By Mehr Bedi and Deborah Mary Sophia
(Reuters) -Conagra Brands Inc, the maker of Hunt’s canned tomatoes, forecast annual earnings below Wall Street expectations on Thursday, as inflation-induced price hikes dent demand for its frozen foods and snacks while mounting costs crimp margins.
Shares of Conagra fell about 9% as the company also reported a 6.4% drop in fourth-quarter sales volumes with consumers showing signs of pushing back against price increases.
Lingering supply-chain issues and skyrocketing freight and ingredient costs have forced Conagra to raise prices at a time when decades-high inflation pinches spending by American households, eating in to the company’s profit margins.
“We’ve got to take inflation-justified pricing to recover our margins,” Chief Executive Officer Sean Connolly said on a call with analysts.
The more-than-a-century-old company, however, said it expects sales volumes to take a bigger hit in fiscal 2023 due to continued price hikes.
Conagra now expects full-year adjusted profit per share to grow by 1% to 5% compared with expectations of an 8.3% growth, with gross inflation projected to be in the low-teen percentage range for the year.
Connolly said in an interview with Reuters that spreads and hot dogs are categories where consumers are more sensitive to price hikes. Conagra sells Earth Balance buttery spreads and Hebrew National hot dogs.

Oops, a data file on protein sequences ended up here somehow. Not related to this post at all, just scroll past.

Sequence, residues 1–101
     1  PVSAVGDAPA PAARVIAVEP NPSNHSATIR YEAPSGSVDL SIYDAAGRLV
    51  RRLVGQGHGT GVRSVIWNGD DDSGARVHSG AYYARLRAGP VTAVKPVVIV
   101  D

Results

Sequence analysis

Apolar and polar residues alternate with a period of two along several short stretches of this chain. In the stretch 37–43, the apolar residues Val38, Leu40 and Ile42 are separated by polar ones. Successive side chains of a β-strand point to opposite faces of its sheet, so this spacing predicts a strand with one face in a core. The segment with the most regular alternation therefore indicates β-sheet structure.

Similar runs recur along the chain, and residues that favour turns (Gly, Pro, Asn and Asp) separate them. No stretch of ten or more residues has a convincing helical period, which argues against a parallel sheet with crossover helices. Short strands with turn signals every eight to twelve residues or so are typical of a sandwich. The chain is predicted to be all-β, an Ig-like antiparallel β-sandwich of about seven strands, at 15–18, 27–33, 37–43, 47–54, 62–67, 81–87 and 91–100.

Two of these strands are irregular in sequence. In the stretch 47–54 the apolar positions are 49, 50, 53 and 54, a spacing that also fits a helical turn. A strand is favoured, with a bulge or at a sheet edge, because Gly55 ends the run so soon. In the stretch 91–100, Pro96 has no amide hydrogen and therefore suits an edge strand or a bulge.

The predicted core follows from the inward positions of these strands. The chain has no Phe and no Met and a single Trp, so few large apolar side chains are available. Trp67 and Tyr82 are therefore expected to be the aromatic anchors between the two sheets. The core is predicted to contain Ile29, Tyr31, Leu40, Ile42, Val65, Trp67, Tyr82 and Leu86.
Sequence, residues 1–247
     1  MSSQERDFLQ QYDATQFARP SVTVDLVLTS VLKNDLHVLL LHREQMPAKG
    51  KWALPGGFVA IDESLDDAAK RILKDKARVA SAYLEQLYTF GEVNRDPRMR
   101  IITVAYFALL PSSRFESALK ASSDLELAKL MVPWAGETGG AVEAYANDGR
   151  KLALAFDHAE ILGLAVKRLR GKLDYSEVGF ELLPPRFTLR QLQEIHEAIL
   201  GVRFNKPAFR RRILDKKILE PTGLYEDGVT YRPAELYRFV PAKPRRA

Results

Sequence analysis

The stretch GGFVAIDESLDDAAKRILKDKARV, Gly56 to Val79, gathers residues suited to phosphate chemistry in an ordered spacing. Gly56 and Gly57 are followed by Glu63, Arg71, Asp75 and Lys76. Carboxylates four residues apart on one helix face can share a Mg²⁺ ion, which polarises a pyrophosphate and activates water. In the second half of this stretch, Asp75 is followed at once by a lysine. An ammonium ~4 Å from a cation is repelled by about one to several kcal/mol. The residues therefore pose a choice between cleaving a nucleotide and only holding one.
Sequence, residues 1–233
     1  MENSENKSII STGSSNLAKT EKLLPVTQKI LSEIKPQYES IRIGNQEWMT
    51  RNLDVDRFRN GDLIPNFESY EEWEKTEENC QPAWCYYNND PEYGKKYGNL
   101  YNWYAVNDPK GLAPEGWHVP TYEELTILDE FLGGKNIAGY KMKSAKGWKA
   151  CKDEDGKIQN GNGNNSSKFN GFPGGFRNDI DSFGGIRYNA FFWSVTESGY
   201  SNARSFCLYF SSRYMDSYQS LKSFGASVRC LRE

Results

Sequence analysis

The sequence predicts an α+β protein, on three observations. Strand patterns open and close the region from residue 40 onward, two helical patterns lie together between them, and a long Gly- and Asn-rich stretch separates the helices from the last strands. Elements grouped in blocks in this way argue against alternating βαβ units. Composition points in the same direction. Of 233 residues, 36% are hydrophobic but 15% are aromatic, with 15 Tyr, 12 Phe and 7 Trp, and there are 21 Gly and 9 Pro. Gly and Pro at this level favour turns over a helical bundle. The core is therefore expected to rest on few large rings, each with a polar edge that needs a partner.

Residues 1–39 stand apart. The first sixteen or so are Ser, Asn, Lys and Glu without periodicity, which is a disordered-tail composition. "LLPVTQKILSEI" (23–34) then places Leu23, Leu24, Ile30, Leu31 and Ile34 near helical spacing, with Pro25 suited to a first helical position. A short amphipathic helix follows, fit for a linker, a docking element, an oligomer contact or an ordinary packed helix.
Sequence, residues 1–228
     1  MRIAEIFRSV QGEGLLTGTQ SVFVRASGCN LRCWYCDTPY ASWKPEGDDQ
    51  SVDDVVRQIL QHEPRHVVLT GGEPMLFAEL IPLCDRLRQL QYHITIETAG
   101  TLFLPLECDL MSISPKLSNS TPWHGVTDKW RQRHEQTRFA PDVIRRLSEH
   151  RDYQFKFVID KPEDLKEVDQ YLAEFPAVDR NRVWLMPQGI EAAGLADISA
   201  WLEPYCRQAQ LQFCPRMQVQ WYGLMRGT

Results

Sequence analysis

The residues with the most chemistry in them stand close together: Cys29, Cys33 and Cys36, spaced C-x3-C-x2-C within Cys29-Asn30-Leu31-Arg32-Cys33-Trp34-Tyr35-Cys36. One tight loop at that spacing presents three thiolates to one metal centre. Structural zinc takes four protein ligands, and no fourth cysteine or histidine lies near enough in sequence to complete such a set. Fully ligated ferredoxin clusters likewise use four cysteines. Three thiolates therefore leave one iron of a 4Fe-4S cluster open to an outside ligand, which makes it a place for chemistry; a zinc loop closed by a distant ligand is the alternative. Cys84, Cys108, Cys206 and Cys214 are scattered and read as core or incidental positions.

On Wednesday, U.S. consumer prices in the 12 months through June jumped 9.1%, their biggest gain since November 1981, cementing the case for a supersized rate hike by the Federal Reserve.
“There will be some pushback among retailers and pushback among the consumers … Going forward, it’s going to be a little bit more difficult for packaged food companies to increase prices,” CFRA analyst Arun Sundaram said.
Connolly said talks with retailers “remain constructive.” He said Conagra has to protect its margins by raising prices to continue delivering new and improved products to the retailers it supplies. Those retailers, including Kroger Co and Walmart Inc, prioritize the sales growth new products help deliver, he said.
Net sales rose by a smaller-than-expected 6.2% to $2.91 billion in the quarter, while adjusted profit of 65 cents per share beat expectations by 2 cents.
(Reporting by Mehr Bedi and Deborah Sophia in BengaluruAdditional reporting by Jessica DiNapoli in New YorkEditing by Vinay Dwivedi and Matthew Lewis)